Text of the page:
Sixth forms hit by 21 per cent fall in spending since 2010

Written by: Pete Henshaw | Published:
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Sixth-form per-student spending has dropped dramatically over the past eight years, while schools as a whole are spending eight per cent less per-pupil. Pete Henshaw reports

Per-student spending in school sixth forms has fallen by 21 per cent in real-terms since its peak in 2010/11 and is lower than at any point since 2002/03.

Further education spending per student has also fallen by eight per cent in real-terms.

The figures are included in the first annual report on education spending in England, which has been funded by the Nuffield Foundation and compiled by the Institute of Fiscal Studies (IFS).

The report concludes that 16 to 18 education has been the “big loser” in education spending changes over the last 25 years.

For schools, the report reveals that total school spending per pupil has fallen by eight per cent in real-terms between 2009/10 and 2017/18. It says this has been driven by a 55 per cent cut to local authority spending on services and the 21 per cent cut to sixth form funding.

The report states that the per-pupil funding provided to primary and secondary schools has fared slightly better, although has still fallen by four per cent in real-terms since 2015.

Education spending is the second-largest element of public service spending in the UK behind health and totalled about £90 billion in 2017/18 – about 4.3 per cent of national income.

Total spending on schools represented £42 billion in 2017/18 – roughly £4,700 per-pupil at primary school and £6,200 at secondary school.

The report states: “Total school spending per-pupil fell by eight per cent in real terms between 2009/10 and 2017/18 and will only be about 14 per cent higher in real terms in 2017/18 than in 2003/04.

“This adds on the additional effect of a 55 per cent real-terms cut in local authority service spending and a real-terms cut of more than 20 per cent to school sixth form spending per student between 2009/10 and 2017/18. Spending per pupil by individual schools was partly buttressed by transfers of responsibility and funding from local authorities to schools. This total measure is probably the most comprehensive measure of public spending on schools over time.”

The report warns that the removal of the public sector pay cap and other costs for employers mean that since 2015 school costs are “likely to have significantly outpaced inflation … adding to pressure on school budgets”.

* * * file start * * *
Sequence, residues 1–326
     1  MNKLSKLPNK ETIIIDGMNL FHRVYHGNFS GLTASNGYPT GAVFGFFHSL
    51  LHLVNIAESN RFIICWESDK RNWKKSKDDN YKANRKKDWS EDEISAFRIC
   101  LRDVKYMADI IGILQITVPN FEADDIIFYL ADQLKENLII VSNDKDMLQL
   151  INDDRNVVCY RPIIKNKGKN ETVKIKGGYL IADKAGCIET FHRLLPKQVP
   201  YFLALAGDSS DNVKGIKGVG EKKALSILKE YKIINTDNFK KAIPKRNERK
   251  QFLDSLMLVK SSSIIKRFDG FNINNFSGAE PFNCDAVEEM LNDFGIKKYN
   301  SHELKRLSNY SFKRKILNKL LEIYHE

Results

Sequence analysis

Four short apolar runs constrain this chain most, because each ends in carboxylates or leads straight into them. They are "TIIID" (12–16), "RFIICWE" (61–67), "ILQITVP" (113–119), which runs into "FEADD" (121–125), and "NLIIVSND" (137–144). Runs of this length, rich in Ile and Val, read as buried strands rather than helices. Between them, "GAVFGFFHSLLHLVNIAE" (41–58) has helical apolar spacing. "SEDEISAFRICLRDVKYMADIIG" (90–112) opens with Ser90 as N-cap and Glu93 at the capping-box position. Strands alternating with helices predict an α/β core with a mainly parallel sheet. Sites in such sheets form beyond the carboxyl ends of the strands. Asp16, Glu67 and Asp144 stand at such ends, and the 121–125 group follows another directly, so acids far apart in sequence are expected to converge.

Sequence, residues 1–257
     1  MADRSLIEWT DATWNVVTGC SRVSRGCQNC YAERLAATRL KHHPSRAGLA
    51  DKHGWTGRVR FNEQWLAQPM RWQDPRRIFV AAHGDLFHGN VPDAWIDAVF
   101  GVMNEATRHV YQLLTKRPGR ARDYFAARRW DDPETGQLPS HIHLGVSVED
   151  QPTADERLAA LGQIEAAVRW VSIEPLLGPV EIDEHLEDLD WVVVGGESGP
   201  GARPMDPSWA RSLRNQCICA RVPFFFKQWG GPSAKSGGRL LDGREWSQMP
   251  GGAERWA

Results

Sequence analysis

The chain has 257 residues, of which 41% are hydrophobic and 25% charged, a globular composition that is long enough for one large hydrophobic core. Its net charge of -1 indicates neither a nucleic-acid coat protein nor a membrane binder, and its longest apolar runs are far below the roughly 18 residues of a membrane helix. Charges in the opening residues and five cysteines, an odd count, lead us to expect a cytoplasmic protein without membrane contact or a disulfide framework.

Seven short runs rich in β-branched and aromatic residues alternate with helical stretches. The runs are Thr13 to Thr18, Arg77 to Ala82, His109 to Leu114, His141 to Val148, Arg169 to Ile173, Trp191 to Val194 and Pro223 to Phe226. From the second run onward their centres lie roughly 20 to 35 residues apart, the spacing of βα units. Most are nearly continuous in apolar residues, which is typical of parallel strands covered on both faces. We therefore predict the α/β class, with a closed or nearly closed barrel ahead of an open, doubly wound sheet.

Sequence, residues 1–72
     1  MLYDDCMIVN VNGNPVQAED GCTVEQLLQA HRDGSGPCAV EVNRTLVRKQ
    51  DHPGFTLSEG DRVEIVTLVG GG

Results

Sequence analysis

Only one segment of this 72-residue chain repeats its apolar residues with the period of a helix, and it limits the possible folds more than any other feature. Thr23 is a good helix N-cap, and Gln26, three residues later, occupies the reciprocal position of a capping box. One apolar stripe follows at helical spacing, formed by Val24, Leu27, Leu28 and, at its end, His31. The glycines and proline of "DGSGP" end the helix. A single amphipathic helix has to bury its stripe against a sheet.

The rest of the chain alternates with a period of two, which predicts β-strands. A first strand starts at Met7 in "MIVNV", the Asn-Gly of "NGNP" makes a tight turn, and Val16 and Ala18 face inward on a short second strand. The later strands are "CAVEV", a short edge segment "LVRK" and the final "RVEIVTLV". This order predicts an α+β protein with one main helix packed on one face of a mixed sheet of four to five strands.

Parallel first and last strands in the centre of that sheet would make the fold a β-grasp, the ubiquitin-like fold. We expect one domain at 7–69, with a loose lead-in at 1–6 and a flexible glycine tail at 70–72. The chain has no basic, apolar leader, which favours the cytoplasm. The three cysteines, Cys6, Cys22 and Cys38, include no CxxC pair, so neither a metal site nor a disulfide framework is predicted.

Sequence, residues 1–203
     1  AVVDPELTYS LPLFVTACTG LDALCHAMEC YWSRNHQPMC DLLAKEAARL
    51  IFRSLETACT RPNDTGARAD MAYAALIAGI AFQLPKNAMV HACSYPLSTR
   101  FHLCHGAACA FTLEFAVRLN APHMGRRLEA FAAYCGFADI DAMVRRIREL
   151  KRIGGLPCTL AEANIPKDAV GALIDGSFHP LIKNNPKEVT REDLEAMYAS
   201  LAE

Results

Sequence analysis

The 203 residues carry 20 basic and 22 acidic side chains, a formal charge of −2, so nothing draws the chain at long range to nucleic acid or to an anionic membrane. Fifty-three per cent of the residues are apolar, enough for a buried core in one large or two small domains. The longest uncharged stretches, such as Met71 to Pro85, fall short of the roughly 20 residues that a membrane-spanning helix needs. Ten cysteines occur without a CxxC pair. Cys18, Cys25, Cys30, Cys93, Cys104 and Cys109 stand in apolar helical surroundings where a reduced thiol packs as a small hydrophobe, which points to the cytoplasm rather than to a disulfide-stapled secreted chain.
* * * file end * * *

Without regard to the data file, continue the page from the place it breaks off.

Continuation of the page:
However, it is in post-16 education where the axe has fallen hardest, the report warns.

It says that by 2019/20, funding per young person in further education will be around the same as in 2006/07 – and only 10 per cent higher than it was 30 years earlier. Spending per student in school sixth forms will be lower than at any point since at least 2002.

The report adds: “Total spending on 16 to 18 education in England was just under £5.8 billion in 2017/18. Spending per student in further education and sixth-form colleges was about £5,700 in 2017/18, while that in school sixth forms was about £5,000. This lower level of spending per student in school sixth forms is a dramatic reversal: in the mid-2000s, spending per student was about £600 higher than in further education and sixth-form colleges.”

It adds: “16 to 18 education has been a big loser from education spending changes over the last 25 years. In 1990/91, spending per student in further education was 50 per cent higher than spending per student in secondary schools, but it is now about eight per cent lower.”

Luke Sibieta, co-author of the report and a research fellow at the IFS, said: “Over the last 30 years, there have been some remarkable changes in the pattern of education spending. Spending on early education has gone from almost nothing to £3 billion since the early 1990s. Spending per student in higher education has risen by nearly 60 per cent since 1997.

“Spending per school pupil rose by more than 50 per cent over the 2000s, though it has fallen by eight per cent since 2010 once you include cuts to local authority spend and school sixth forms. In this context, the almost complete lack of growth in spending on further education is all the more remarkable.”

Commenting on the report, Geoff Barton, general secretary of the Association of School and College Leaders, said: “Parents will be horrified to learn of the damage that has been done to sixth forms and colleges by severe real-terms cuts in government funding. They may also wonder why the basic rate of funding for each of these students is just £4,000 compared to tuition fees at university which can be as high as £9,250.

“There is no rhyme or reason for the extremely low level of funding for 16 to 18-year-olds, and without the additional investment that is desperately needed more courses and student support services will have to be cut in addition to those which have already been lost. It is a crucial phase of education in which young people take qualifications which are vital to their life chances and they deserve better from a government which constantly talks about social mobility.

“The government’s under-investment in 16 to 18 education is part of a wider picture of real-terms cuts to school funding which is putting hard-won standards at risk.”


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